Mediu p oameni

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Mediu p oameni

  1. 1. Brenda Hoddinott P-01 INTERMEDIATE: PEOPLEIn this project, you use a grid to draw a softand gentle frontal portrait of a little girl,with emphasis on correct facial proportions.Hatching is used to shade realistic texturesfeatures, hair, and the forms of her face.Ashley is approximately 5-7 years old. In ayounger child, the eyes would appear to belower on the face and the nose and mouthwould be higher, closer to the eyes. As achild matures into an adult, the nose andmouth seem to shift downward on the face.This project is divided into the following three sections: DRAWING OUTLINES WITHIN A GRID: A grid helps identify the outlines of various parts of the drawing subject. You use careful observation of spaces and lines within individual grid squares to measure for accurate proportions. Remember to press very lightly with your pencil in this section because all your grid lines and most of your outlines will need to be erased (or lightened) later. SHADING LIGHT AND MEDIUM VALUES: You need 2H, HB, and 2B pencils to add light and medium values. The dominant light source, which is to the front and right of Ashley’s face, determines where the various light and medium values are located. ADDING THE FINAL SHADING: In this section you use mostly 2B, 4B, and 6B pencils to add final details and darker values.You need 2H, HB, 2B, 4B, and 6B pencils, vinyl and kneaded erasers, ruler, pencil sharpener,and good quality drawing paper. 19 PAGES – 17 ILLUSTRATIONS This lesson is recommended for artists from age twelve through adulthood with basic drawing skills, as well as home schooling, academic and recreational fine art educators. Published by Hoddinott Fine Art Publishers, Halifax, NS, Canada – 2004 (Revised 2006)
  2. 2. 2 DRAWING OUTLINES WITHIN A GRID Throughout this section, you use careful observation of spaces and lines within individual grid squares to measure for accurate proportions. A grid is a framework of vertical and horizontal reference lines on an image and/or drawing paper, used by artists to either enlarge or reduce the size of the original image. Proportion is the relationship in size of one component of a drawing to another or others. Remember to press very lightly with your pencil because all your grid lines and most of your contour lines will need to be erased (or lightened) later. Contour lines are created when the shared edges of spaces and/or objects meet. Contour lines can define complete objects or small sections or details within drawing subjects. The lines in the following illustrations have been darkened in a computer program and appear much darker that they actually are. 1) Draw a rectangle as your drawing space, and then measure and divide your rectangle into 56 equal squares, seven across by eight down. A drawing space (sometimes called a drawing format) refers to the area of a drawing surface within a specific perimeter, outlined by a shape of any size, such as a square, rectangle or circle. Use a light pencil (2H or HB). You will have 7 squares across and 8 squares down (a total of 56 squares). My drawing format is 7 by 8 inches with 1-inch squares. You may choose to use a larger drawing format for a larger drawing; simply make each of the 56 squares larger. Suggested alternative sizes include 10.5 by 12 inches (with 1.5-inch squares) or 14 by 16 inches (with 2-inch squares). ILLUSTRATION 01-01 2) Starting from the left, number the vertical squares along the top and bottom of with numbers 1 through 7. Lettering and numbering your grid squares helps you keep track of each square as you draw. For example, the nostrils will be drawn in square F-4. 3) Starting from the top, letter the horizontal squares down both sides with letters A through H.Copyright to all articles, images, text, projects, lessons and exercises within this drawing class belong to Brenda Hoddinott and may not be reproduced or used for any commercial purposes whatsoever without the written permission of Brenda Hoddinott. E-mail bhoddinott@hoddinott.com Web sites http://www.finearteducation.com and http://www.drawspace.com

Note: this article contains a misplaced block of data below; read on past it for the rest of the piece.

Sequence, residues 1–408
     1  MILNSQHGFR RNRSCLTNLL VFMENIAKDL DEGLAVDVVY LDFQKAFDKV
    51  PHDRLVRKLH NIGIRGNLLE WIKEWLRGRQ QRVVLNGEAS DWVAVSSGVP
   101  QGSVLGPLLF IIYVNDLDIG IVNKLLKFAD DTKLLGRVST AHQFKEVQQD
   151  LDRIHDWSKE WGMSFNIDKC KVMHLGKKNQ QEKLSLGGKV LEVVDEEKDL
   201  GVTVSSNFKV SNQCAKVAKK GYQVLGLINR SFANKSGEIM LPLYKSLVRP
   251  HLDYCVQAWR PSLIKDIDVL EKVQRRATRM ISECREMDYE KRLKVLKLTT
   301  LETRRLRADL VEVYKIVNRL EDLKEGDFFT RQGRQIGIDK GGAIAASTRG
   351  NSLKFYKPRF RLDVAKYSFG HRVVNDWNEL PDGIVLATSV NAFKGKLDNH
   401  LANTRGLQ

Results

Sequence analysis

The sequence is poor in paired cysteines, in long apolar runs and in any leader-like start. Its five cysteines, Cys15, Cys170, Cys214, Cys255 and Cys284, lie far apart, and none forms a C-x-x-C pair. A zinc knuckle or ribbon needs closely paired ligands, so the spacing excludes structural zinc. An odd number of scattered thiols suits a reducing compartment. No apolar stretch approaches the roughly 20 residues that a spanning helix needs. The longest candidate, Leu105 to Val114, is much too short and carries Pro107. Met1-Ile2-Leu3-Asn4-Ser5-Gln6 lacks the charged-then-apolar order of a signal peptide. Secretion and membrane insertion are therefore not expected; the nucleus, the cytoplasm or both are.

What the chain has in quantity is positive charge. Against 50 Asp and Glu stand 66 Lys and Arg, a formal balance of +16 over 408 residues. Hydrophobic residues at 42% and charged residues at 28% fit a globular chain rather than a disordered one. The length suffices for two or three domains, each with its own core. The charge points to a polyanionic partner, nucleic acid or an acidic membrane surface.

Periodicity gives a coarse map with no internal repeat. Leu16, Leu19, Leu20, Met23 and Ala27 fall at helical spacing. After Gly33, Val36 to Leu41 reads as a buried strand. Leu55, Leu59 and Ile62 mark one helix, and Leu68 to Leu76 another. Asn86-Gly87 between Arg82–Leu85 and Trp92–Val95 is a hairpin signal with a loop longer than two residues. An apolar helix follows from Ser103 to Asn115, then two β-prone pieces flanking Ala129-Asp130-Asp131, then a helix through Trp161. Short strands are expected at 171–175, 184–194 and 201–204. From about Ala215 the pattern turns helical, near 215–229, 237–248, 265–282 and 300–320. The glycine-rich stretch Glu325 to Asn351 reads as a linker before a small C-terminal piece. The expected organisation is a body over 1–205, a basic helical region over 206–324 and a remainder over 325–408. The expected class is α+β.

3. 3. 3 4) With your HB pencil, very lightly draw the outline of the head and chin. Until your eye is well trained to draw accurate proportions, using a grid is a huge help. When working with a grid, think of each square as a separate drawing. Following is the basic procedure for drawing with a grid:  Focus on one square  Pretend this one square is the total drawing.  Look at each line (or lines) and its position within this one square.  Note the shape of the spaces on either side of each line.  Take note of the areas where the various curved lines meet straight lines (such as the sides of the grid squares). ILLUSTRATION 01-02  As you draw, don’t think about what the subject is; rather, focus on the shapes, and spaces that define the actual lines.  Constantly double- check your proportions!Copyright to all articles, images, text, projects, lessons and exercises within this drawing class belong to Brenda Hoddinott and may not be reproduced or used for any commercial purposes whatsoever without the written permission of Brenda Hoddinott. E-mail bhoddinott@hoddinott.com Web sites http://www.finearteducation.com and http://www.drawspace.com